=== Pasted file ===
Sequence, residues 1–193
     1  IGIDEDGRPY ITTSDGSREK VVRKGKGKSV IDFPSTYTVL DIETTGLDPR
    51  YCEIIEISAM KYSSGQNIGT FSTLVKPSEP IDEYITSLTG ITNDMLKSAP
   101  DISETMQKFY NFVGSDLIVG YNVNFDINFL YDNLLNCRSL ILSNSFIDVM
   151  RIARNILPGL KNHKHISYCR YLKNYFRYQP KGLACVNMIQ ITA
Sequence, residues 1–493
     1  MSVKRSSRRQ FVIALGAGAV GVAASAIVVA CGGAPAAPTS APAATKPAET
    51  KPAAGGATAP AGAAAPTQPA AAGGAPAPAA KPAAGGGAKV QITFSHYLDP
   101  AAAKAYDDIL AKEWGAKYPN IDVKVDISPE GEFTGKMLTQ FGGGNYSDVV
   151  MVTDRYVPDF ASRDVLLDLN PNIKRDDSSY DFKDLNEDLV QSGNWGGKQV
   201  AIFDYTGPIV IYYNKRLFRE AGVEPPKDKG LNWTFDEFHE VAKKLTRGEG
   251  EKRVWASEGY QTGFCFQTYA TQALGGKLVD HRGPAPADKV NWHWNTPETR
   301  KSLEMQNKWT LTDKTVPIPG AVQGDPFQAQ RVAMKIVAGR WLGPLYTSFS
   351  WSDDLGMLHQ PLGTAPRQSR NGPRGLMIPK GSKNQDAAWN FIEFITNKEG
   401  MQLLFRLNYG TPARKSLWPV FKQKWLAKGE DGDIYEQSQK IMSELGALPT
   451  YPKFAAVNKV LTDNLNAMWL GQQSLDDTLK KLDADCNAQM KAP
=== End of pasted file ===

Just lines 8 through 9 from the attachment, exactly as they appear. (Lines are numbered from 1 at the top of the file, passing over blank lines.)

    51  KPAAGGATAP AGAAAPTQPA AAGGAPAPAA KPAAGGGAKV QITFSHYLDP
   101  AAAKAYDDIL AKEWGAKYPN IDVKVDISPE GEFTGKMLTQ FGGGNYSDVV